Rendell time and again called for their ousters, particularly Mezzaroba's, saying they didn't have professional management backgrounds. At least three times, he tried to install someone of his own choosing, vowing repeatedly to block state money for the expansion.

Nutter, now the presumptive mayor, resigned as chairman last spring. Problem gone. Mezzaroba, however, remains in his job - and some wonder if his continued employment is the reason for Rendell's latest actions.

In an Aug. 27 draft lease agreement between the state and the center, obtained by The Inquirer, there is a provision prohibiting the board from hiring an executive director "without the prior written consent of the Commonwealth." A second provision says the state may "in its sole discretion" require the center to fire the executive director.

Asked about the provisions, Masch said they were in fact intended for the center's chief executive. But he emphasized that the document was a "first draft" and that the governor's office was awaiting suggested revisions from the board.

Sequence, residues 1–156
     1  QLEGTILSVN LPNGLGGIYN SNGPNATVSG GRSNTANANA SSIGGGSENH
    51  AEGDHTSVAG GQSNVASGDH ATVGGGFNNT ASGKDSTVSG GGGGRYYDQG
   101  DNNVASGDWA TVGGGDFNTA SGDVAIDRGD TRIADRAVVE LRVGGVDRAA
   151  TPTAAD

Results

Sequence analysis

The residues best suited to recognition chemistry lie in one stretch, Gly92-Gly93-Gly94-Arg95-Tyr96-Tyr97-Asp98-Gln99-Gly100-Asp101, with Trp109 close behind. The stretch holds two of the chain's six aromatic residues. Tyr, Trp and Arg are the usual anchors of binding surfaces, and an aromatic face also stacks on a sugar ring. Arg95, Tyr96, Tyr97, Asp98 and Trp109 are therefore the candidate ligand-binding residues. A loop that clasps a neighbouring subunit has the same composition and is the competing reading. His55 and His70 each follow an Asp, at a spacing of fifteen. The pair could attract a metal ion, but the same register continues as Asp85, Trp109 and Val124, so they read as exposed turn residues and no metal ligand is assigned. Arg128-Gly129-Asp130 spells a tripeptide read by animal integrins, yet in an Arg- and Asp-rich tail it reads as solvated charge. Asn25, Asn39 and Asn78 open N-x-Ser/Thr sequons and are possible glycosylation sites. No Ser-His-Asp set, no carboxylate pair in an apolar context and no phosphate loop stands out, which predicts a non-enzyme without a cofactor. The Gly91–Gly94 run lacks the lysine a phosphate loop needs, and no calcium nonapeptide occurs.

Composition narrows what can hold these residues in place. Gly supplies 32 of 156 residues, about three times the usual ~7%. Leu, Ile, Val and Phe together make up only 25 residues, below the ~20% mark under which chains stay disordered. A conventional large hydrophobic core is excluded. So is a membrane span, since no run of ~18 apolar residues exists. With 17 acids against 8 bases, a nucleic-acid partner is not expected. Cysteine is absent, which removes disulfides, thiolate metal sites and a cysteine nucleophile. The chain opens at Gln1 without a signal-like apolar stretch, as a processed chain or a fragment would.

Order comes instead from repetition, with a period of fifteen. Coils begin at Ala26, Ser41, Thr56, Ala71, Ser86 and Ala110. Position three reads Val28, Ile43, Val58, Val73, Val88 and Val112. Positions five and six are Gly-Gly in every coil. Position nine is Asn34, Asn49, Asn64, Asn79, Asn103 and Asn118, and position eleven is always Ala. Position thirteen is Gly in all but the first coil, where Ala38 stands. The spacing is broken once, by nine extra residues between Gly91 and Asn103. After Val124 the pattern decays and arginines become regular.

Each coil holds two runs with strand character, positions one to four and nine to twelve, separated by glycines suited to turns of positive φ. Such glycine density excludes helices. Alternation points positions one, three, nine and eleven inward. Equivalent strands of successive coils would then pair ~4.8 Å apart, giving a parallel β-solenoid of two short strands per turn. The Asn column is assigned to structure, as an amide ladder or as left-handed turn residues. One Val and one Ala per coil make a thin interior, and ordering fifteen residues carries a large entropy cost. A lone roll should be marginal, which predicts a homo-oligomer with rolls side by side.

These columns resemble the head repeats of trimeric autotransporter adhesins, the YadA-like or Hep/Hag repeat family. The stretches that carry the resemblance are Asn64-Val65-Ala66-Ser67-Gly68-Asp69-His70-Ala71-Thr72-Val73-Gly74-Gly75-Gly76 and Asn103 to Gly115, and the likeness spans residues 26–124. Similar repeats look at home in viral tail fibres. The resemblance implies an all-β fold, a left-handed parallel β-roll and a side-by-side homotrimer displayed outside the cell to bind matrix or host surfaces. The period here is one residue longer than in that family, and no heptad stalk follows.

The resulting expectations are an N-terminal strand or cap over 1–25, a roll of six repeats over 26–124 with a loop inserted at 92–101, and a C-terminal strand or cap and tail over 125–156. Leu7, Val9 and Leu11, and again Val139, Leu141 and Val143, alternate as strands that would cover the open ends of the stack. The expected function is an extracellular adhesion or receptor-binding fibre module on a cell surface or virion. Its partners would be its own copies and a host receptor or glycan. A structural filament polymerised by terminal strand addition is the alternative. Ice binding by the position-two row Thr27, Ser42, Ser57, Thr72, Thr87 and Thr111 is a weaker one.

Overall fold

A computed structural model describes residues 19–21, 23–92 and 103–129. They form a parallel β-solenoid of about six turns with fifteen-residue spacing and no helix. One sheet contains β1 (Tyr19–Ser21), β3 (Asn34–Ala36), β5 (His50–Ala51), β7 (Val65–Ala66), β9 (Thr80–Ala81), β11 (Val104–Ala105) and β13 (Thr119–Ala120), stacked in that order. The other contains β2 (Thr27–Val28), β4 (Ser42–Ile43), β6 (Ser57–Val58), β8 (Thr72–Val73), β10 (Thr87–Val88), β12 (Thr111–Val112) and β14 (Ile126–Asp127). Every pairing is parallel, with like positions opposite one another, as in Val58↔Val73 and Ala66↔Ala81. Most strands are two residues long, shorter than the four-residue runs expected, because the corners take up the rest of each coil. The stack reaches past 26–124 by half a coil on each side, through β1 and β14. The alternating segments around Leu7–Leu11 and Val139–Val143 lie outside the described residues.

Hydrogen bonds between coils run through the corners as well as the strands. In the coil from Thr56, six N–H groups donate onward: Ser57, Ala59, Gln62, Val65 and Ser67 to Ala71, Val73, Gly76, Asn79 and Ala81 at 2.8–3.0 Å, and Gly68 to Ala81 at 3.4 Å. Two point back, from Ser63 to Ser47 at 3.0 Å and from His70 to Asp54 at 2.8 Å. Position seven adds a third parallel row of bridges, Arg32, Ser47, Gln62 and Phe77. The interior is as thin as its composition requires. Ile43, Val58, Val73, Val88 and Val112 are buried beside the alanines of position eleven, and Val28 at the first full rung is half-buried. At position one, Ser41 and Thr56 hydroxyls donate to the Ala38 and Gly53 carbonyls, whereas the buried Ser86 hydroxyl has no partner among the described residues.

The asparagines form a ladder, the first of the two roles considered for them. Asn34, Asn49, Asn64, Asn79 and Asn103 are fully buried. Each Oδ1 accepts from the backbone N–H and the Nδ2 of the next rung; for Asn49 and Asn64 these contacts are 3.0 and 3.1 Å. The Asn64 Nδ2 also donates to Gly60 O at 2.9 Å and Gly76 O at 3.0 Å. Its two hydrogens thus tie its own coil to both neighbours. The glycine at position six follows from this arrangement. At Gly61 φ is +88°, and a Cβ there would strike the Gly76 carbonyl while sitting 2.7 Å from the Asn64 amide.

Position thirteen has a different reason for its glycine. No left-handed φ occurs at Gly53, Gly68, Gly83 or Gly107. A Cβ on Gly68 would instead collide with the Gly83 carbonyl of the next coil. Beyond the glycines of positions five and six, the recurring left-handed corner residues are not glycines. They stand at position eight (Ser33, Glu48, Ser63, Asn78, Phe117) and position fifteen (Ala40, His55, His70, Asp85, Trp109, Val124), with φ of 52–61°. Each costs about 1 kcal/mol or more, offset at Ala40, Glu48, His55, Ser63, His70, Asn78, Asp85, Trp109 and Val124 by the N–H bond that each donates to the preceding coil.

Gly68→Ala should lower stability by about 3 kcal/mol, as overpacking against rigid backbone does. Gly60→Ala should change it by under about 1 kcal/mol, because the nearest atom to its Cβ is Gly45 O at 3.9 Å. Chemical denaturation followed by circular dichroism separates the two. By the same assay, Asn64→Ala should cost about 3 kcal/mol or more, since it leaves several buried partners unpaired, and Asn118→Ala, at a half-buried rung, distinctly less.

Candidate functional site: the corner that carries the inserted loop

"Our draft is being characterized as if it's some nonnegotiable demand when it is very far from that," he said.

At the same time, Masch defended the state's push for a stepped-up role regarding the center's everyday activities.

The city has been legally responsible for covering all of the center's operating losses. That obligation will, as part of the $700 million funding deal, soon shift to the state. And the obligation will presumably be much larger, since after expansion the center will double in size.

"For this reason, the Governor believes that it is appropriate for the Commonwealth to have at least the same and possibly even greater rights" than the city had, Masch told the board in a letter Thursday.

In an interview, Masch also noted that while the state is funding the entire expansion, state officials appoint just six of the 15 members on the center's board - two by the governor, and two each by Democratic and Republican state legislators. Four others are named by city officials. Philadelphia's four suburban counties, which pay nothing toward the center's costs, are entitled to one appointment each. A 15th member is appointed chair by the others.

"So the state," Masch said, "is on the hook."

"If there is a problem with the board's composition, then there should be an amendment," Pileggi, the majority leader, said. But if Rendell's goal now is to "do an end-run around the statutory framework," he said, "that would be outrageous."

Contact staff writer Marcia Gelbart at 215-854-2338 or